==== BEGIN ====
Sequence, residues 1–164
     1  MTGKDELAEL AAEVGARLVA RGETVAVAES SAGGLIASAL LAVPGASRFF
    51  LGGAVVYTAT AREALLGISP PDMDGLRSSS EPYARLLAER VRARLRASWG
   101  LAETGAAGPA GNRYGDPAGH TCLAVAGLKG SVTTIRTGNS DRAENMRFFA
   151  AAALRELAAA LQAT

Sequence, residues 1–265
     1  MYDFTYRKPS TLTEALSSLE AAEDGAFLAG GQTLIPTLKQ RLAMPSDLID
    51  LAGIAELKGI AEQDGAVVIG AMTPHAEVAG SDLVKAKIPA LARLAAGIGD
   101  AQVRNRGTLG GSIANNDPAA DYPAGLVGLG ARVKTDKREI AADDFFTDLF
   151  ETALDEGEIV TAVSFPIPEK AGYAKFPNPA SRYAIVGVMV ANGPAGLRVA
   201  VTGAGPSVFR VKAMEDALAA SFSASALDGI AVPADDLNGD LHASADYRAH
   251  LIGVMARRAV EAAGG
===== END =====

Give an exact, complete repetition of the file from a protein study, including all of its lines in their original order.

Sequence, residues 1–164
     1  MTGKDELAEL AAEVGARLVA RGETVAVAES SAGGLIASAL LAVPGASRFF
    51  LGGAVVYTAT AREALLGISP PDMDGLRSSS EPYARLLAER VRARLRASWG
   101  LAETGAAGPA GNRYGDPAGH TCLAVAGLKG SVTTIRTGNS DRAENMRFFA
   151  AAALRELAAA LQAT

Sequence, residues 1–265
     1  MYDFTYRKPS TLTEALSSLE AAEDGAFLAG GQTLIPTLKQ RLAMPSDLID
    51  LAGIAELKGI AEQDGAVVIG AMTPHAEVAG SDLVKAKIPA LARLAAGIGD
   101  AQVRNRGTLG GSIANNDPAA DYPAGLVGLG ARVKTDKREI AADDFFTDLF
   151  ETALDEGEIV TAVSFPIPEK AGYAKFPNPA SRYAIVGVMV ANGPAGLRVA
   201  VTGAGPSVFR VKAMEDALAA SFSASALDGI AVPADDLNGD LHASADYRAH
   251  LIGVMARRAV EAAGG